10 incredible buildings in Rio de Janeiro as it's named Capital of Architecture.
Rio de Janeiro Cathedral
Better known as The Metropolitan Cathedral of Saint Sebastian, this doesn't look like the medieval cathedrals you may be used to.
Instead expect a huge, pyramid-like structure inspired by the Mayan pyramids.
Designed by Edgar Fonseca, it was built in the 1960s/1970s. If you have time, head inside - the multi-coloured windows make for a pretty breathtaking sight
Slightly off the beaten track sits this picturesque public park in the Jardim Botânico neighbourhood.
The park itself has a host of intriguing features from a mysterious cave to an impressive tower, but it's the park's incredible mansion that makes this a must-visit.
Now home to an art school, the mansion initially served as the residence of Enrique Lage and his wife Gabriella Besanzoni.
Niterói Contemporary Art Museum
One of the city's iconic landmarks overlooking Guanabara Bay, this eye-catching museum was designed by Brazilian architect Oscar Niemeyer and engineer Bruno Contarini.
It took five years to build the four-storey structure, and over three million cubic meters of conctrete, before it was completed in the late 1990s.
The Museum of Tomorrow
This futuristic-esque museum is fairly new to the city having been built in 2015.
Designed by Santiago Calatrava, it sits next to the waterfront at Pier Maua and never fails to wow visitors thanks to its unusual structure.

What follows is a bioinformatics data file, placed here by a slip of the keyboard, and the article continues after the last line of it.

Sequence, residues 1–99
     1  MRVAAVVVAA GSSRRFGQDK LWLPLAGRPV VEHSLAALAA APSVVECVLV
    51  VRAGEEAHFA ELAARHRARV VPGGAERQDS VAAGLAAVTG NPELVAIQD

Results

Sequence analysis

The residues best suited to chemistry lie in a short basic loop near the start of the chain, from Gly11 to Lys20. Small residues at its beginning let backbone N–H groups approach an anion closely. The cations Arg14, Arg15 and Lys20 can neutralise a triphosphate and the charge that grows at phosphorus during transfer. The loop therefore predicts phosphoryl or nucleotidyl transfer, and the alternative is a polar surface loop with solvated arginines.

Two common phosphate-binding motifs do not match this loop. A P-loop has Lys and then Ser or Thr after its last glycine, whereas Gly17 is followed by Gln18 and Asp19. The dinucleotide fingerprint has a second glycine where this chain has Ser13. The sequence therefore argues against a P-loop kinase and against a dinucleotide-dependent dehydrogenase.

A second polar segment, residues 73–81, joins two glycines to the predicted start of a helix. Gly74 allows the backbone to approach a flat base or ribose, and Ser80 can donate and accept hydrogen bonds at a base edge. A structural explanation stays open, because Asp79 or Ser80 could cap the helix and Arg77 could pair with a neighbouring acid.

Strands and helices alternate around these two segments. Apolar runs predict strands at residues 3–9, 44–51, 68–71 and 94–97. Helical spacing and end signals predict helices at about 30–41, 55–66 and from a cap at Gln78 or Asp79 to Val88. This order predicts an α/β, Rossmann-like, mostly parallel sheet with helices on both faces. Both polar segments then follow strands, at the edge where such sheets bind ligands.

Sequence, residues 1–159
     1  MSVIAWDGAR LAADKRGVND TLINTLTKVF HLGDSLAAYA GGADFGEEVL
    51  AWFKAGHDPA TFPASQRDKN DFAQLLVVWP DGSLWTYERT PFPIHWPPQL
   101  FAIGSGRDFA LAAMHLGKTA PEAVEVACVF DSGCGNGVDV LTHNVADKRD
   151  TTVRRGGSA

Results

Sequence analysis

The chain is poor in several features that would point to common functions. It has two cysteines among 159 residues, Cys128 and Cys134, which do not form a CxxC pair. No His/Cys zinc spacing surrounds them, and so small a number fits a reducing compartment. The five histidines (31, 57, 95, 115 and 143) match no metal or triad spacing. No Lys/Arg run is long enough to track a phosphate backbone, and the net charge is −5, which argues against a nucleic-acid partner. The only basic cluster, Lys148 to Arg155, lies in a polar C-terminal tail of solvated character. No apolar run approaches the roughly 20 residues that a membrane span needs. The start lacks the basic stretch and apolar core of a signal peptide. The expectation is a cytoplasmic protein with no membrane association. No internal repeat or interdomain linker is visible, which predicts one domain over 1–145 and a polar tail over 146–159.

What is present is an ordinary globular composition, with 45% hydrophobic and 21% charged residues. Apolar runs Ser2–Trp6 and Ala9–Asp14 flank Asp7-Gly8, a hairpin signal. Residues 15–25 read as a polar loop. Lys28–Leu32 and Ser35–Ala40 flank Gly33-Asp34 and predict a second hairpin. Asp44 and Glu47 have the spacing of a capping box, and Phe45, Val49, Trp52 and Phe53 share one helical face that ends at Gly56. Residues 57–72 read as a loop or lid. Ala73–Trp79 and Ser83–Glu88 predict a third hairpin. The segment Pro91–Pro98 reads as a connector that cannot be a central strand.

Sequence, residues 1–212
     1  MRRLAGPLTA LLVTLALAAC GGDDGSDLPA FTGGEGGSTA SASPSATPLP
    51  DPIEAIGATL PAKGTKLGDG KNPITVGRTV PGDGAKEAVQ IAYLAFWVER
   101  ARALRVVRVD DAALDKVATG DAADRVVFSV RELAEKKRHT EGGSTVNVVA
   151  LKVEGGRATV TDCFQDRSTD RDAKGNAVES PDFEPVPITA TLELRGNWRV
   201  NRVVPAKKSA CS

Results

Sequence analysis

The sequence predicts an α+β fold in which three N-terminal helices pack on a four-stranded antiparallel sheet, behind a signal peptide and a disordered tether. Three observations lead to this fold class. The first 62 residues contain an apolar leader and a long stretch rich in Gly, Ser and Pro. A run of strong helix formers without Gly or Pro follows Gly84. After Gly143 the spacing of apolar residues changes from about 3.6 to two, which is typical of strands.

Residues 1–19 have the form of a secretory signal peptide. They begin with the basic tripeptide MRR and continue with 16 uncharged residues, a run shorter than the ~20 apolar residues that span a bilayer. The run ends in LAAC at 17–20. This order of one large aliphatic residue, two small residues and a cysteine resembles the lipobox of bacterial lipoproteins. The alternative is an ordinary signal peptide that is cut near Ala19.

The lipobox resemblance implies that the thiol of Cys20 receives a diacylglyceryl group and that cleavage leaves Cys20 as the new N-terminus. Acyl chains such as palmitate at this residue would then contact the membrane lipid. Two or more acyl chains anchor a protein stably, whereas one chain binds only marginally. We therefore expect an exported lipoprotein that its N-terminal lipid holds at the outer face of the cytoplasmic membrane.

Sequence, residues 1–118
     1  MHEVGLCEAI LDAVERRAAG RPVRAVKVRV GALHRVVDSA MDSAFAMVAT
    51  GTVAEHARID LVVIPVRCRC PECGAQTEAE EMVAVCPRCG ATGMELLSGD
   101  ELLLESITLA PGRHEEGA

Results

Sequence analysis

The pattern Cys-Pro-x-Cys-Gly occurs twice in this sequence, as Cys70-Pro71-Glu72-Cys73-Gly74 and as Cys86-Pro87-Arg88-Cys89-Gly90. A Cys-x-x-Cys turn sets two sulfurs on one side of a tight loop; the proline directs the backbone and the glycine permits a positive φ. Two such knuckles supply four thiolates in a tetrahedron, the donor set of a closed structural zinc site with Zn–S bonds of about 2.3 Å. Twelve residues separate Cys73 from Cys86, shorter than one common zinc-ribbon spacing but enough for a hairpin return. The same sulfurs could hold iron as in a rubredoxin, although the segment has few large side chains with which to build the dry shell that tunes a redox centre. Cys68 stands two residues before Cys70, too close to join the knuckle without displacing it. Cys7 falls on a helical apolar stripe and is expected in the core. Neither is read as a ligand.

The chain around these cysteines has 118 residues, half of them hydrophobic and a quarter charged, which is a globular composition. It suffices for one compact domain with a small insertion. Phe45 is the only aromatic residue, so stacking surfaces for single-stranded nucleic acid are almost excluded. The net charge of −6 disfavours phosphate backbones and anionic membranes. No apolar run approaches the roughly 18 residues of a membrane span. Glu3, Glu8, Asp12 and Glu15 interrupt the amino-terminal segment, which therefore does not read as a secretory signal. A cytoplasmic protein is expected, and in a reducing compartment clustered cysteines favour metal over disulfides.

Inside, there are five 'zones' all dedicated to various scientific topics - well worth a visit especially if you're a fan of science.
Teatro Municipal do Rio de Janeiro
If you're looking for opulence and glamour, you'll find it as this breathtaking opera house.
Think blue domed roofs with golden features, towering pillars and classic architectural features that make it stand out from the surrounding skyscrapers.
Nowadays you can still watch performances in the opera house, from ballet to classical music.
History buffs should make time to check out the grandiose mansion sitting in the city's Flamengo neighbourhood, which has played host to plenty of key events from the signing of the declaration of war against Germany for WWI, to papal visits.
Palace at Ilha Fiscal
Once serving as a palace for the imperial government, nowadays the eye-catching lime green building operates as a museum.
Devised by Pedro II of Brazil who commissioned his engineer, Adolfo José del Vecchio to create the structure, the palace has a pretty fascinating history - including reportedly serving as the spot for the last ball held by the government before the Brazilian revolution.
Tucked away in the heart of the city, this historic Roman Catholic church has features dating back to the 16th century, although there have been numerous additions and changes as late as the 19th century.
Inspired by Portuguese churches, the facade often delights architecture fans thanks to its mix of baroque and neoclassical influences.
Largo do Boticario
Popular with tourists, Largo do Boticario is a square in the Cosme Velho neighbourhood which houses colourful, neo-colonial buildings.
It makes for a picturesque spot, not to mention it's surrounded by a host of historic sites and offers views of the Carioca River.
Belmond Copacabana Palace
Operating as a luxury hotel, the Belmond Copacabana was designed in the 1920s by French architect Joseph Gire.
Right on the beachfront, it's also renowned for hosting plenty of A-list celebrities when they come to Rio de Janeiro.